From: Howard Hinnant (hinnant_at_[hidden])
Date: 2002-02-04 19:40:24
On Monday, February 4, 2002, at 06:27 PM, Jeremy Siek wrote:
> Nice description and motivation for move semantics.
> On Mon, 4 Feb 2002, Howard Hinnant wrote:
> hinnan> What remains to be done is to settle on a uniform syntax for
> hinnan> semantics. John Maddock has suggested:
> hinnan> T b = std::move(a);
> Would this mean we'd also have to rely on cooperation from operator=?
John Maddock has suggested that std::move return the struct
std::move_t<T>. Then the class T could create a constructor and
assignment operator that accepted a std::move_t<T>. This has a nice
parallel with the current requirements of implementing copy semantics.
> Wouldn't it be better to keep things simple with something like this
> std::move(a, b); // a -> b
I'm open to just about anything!
> hinnan> Perhaps boost::auto_vector could experiment with this. The big
> hinnan> stumbling block I've had to date is allowing move from a
> temporary T,
> hinnan> but disallowing move from a const T, and packaging this up in a
> hinnan> relatively reusable package so that giving your class move
> semantics is
> hinnan> no harder than giving it copy semantics.
> Well, non-const member functions have the property that you can call
> on temporaries but not on const objects. So you could do this:
> Of course, this would require invasive changes to current classes, and
> couldn't have the same syntax for builtins.
I think invasive changes to current classes is unavoidable. Only vector
knows how to move itself. About the only (std) classes (with
non-trivial move) that everyone already knows how to move is list
(splice) and auto_ptr (copy).
And your point about builtins (scalars) is right on the mark. We *must*
have the same move syntax for scalars, and that can be implemented as a
copy. Without the same syntax for scalars, templated code wanting to
move goes out the window.
And on the subject of templated code using move: The code must be able
to determine if the template type supports move semantics. John Maddock
to the rescue again, (with significant help from Andrei Alexandrescu)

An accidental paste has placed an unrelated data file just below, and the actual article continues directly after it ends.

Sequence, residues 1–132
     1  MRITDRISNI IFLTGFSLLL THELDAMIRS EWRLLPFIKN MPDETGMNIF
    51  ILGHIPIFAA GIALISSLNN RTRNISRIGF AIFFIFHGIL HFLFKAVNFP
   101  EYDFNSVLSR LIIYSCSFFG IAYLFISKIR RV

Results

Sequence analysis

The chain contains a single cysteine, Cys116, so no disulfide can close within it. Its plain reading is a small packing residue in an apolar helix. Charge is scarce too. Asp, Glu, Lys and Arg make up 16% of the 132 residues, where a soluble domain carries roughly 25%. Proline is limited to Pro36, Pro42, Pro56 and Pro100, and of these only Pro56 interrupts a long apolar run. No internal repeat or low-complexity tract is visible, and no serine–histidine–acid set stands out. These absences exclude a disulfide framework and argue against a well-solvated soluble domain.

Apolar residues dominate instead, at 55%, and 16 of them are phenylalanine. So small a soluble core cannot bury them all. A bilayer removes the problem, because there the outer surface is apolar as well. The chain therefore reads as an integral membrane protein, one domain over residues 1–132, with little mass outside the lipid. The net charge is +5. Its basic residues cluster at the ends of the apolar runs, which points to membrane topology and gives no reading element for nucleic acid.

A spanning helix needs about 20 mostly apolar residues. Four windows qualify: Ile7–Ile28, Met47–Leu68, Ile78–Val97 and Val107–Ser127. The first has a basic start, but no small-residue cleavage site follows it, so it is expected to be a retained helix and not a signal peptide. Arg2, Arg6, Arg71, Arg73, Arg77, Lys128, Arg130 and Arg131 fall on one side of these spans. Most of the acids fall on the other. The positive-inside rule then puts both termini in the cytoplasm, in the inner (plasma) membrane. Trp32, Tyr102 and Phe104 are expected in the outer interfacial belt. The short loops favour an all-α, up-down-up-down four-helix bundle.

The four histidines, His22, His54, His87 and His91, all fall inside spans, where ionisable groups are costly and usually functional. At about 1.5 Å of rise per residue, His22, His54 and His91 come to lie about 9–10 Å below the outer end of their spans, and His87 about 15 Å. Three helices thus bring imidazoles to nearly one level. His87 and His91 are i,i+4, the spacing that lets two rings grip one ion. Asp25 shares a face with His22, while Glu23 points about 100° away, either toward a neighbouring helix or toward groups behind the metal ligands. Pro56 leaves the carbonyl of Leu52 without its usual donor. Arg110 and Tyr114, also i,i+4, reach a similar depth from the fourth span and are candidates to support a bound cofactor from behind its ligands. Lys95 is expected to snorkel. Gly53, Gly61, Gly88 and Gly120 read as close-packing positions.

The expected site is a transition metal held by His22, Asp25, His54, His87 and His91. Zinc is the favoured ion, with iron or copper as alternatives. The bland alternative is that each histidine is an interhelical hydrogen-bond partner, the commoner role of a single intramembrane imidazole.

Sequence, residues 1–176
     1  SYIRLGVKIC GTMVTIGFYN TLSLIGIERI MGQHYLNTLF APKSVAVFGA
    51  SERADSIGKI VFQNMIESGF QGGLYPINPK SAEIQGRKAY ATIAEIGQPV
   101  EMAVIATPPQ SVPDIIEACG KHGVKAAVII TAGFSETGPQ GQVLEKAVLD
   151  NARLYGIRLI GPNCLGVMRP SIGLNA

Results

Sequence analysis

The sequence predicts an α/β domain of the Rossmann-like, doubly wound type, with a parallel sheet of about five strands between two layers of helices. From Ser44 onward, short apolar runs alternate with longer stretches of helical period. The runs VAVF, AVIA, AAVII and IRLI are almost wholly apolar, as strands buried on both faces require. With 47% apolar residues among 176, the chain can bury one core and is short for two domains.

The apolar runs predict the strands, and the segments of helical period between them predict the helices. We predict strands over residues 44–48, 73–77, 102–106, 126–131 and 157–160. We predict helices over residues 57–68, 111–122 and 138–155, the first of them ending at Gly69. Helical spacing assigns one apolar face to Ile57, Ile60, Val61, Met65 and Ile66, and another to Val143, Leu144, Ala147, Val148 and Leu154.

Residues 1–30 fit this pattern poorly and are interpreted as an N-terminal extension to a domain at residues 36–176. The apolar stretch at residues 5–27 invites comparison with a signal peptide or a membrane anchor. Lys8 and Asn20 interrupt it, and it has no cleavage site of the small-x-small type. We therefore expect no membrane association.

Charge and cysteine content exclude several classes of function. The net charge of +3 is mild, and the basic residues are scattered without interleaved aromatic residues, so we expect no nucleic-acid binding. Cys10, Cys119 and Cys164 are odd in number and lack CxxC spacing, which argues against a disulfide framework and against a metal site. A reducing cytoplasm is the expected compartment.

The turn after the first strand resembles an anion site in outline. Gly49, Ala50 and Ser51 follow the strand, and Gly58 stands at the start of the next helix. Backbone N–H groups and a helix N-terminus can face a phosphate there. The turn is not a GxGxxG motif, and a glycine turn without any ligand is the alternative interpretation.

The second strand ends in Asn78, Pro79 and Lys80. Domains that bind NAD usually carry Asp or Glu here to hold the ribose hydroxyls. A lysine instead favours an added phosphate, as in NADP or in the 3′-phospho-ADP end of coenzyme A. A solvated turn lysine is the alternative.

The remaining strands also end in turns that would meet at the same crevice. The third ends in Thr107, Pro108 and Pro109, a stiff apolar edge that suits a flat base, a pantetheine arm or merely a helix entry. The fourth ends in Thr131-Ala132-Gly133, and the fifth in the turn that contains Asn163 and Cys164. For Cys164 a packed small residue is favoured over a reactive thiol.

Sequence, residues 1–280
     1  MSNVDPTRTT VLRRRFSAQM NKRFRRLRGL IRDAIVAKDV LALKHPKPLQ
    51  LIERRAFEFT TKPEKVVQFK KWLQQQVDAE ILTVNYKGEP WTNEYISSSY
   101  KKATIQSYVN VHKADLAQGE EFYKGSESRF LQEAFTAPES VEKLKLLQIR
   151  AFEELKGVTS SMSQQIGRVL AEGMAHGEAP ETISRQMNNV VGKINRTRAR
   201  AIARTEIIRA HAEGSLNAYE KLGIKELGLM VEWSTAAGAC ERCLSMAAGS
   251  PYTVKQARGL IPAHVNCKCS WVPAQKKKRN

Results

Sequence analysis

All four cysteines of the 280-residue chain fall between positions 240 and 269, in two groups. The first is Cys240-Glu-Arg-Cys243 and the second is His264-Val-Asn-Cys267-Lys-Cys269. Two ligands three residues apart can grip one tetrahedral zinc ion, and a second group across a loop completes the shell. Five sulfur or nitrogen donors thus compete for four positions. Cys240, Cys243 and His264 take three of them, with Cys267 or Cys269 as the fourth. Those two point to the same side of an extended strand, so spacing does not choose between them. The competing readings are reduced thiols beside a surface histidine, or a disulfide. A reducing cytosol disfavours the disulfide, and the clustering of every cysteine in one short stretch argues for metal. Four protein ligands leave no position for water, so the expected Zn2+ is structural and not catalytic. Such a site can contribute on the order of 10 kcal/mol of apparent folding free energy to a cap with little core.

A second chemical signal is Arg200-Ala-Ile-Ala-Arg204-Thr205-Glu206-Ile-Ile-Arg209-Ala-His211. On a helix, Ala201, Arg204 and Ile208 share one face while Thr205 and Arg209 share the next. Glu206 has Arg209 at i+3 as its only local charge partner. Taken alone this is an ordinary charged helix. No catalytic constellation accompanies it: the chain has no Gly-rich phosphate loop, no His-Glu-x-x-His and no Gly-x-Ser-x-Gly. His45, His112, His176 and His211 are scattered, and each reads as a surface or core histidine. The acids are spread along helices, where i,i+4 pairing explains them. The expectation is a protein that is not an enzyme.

has suggested: Use is_convertible to discover if a std::move_t<T> will
convert to T (via T's converting constructor taking a std::move_t<T>).
And a rule that says if you support move construction, you must also
support move assignment.
On the other hand, if we can detect the presence of move semantics, then
scalars could be defined to not support move, and thus move syntax need
not accommodate scalars. A design worth exploring...
> Or perhaps we just need to file a DR to once again allow temporaries to
> bound to non-const references. On the surface that restriction made a
> of sense, but deep down it was wrong.
I would be against such a DR. But I would be violently in favor of a
language change that allowed a method to detect the difference between a
temporary parameter and a const parameter.
tantalizingly close in sub-issue 2:
template<class T> void g(T); // #1
template<class T> void g(T&); // #2
If this were allowed, temporaries would bind to g(T), non-const lvalues
would bind to g(T&) and const lvalues would bind to g(T&) with T ==
const T. And then g(T&) could easily distinguish between T and const T
with is_const<T> (Metrowerks actually works this way, by accident, not
by design). However, the word on the street is that this sub-issue will
be declared ambiguous.
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